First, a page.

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Russian troops argue over orders to bomb civilian areas in Ukraine

Russian troops argue over orders to bomb civilian areas in Ukraine

Russian soldiers taking part in the invasion of Ukraine are in ‘complete disarray, according to voice recordings obtained by a British intelligence company.

The intercepted radio messages indicate that troops are refusing to obey central command orders to shell Ukrainian towns and are complaining about running out of supplies of food and fuel.

The recordings are among around 24 hours of material obtained by intelligence firm ShadowBreak since the invasion of Ukraine began last week.

In one of the eavesdropped conversations, listened to by The Telegraph, a soldier reportedly sounded as though he was crying.

In another, a soldier was heard losing his temper when asking when food or fuel would arrive.

He said: “We’ve been here for three days! When the hell is it going to be ready?”

Two Russian troops – believed to be Rafik Rakhmankulov, 19 (left) and Mgomd Mgomdov, 26, from Kizilyurt (right) who were captured by Ukrainian forces in the country’s east.

A third message revealed a tense exchange in which the same soldier had to remind a colleague speaking from a command centre that they could not use artillery on an area until civilians – who were labelled ‘the goods’ – had left.

ShadowBreak’s founder Samuel Cardillo, 26, told The Telegraph he had been sent the messages by amateurs listening in with antennas.

He said: “What we have found is that the Russian operatives are operating in complete disarray.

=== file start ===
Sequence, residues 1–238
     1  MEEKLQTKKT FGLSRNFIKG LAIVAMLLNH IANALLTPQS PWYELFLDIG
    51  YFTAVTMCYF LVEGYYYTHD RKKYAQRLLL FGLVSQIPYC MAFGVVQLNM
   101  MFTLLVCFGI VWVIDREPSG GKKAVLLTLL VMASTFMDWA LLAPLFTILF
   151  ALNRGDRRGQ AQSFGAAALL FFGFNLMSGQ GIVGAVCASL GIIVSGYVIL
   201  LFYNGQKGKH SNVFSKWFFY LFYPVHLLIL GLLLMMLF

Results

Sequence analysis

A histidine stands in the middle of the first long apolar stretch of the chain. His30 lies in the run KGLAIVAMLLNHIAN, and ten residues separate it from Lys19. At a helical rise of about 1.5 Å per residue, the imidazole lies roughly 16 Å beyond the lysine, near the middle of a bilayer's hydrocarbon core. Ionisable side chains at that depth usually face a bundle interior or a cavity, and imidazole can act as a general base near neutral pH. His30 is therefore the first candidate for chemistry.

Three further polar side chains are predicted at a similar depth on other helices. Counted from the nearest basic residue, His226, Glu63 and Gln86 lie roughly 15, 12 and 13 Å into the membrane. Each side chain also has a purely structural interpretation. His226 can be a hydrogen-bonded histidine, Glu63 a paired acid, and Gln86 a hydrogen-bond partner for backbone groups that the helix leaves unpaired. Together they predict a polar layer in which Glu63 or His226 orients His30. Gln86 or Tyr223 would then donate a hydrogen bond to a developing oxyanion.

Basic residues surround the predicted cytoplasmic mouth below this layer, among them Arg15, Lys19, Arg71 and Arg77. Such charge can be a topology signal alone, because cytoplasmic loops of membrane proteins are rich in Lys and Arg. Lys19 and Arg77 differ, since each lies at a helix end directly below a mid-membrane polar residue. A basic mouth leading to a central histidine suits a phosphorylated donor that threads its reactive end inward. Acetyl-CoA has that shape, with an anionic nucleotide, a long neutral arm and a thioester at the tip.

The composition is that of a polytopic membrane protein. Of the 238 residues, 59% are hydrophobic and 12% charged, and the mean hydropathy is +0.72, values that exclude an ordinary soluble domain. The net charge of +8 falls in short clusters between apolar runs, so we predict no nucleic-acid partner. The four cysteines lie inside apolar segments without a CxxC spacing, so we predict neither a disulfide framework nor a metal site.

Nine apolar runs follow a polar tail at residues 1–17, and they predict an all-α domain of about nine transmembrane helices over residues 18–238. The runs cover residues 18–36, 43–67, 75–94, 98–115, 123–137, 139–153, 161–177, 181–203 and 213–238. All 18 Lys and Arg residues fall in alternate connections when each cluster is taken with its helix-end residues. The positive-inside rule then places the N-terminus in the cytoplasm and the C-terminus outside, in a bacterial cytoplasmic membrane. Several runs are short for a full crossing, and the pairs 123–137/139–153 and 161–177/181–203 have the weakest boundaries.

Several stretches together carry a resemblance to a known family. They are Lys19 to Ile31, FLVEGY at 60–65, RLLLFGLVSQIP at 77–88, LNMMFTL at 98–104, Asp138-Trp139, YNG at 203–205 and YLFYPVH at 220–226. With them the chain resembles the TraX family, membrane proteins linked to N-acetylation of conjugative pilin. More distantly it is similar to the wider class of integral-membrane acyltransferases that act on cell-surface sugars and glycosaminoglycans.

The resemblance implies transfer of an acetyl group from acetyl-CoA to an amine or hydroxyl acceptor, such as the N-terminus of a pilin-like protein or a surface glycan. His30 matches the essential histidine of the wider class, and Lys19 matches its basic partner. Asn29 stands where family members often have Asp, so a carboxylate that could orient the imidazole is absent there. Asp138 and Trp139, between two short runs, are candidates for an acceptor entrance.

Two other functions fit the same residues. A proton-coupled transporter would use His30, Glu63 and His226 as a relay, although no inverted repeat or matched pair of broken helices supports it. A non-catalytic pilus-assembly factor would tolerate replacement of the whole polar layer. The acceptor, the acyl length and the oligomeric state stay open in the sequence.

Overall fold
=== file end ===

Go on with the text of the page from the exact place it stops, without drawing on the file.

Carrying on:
“They have no clue where they are going and how to really communicate with each other properly.”

He added: “There were periods where we heard them (Russian soldiers) crying in combat, a period where they were insulting each other – obviously not a sign of great morale.’

Cardillo said that some of the messages were also ‘proof of war crimes’ because they revealed order to fire missiles into urban areas.

Other video recordings are said to show Russian soldiers retreating back into Russia after becoming frustrated, whilst a text message sent by a soldier to his mother is alleged to have said: “The only thing I want right now is to kill myself.”

In a further sign that morale may be poor, a senior U.S. defence official told the New York Times on Tuesday that some troops have “deliberately punched holes” in their vehicles’ petrol tanks in the hope of avoiding combat.

Parts of the Russian military are also still using analogue ‘walkie-talkie’ two-way radios, making them more vulnerable to interception.

Ukrainian forces are also said to have had no problem jamming Russian communications and interrupting them with the sound of their national anthem.

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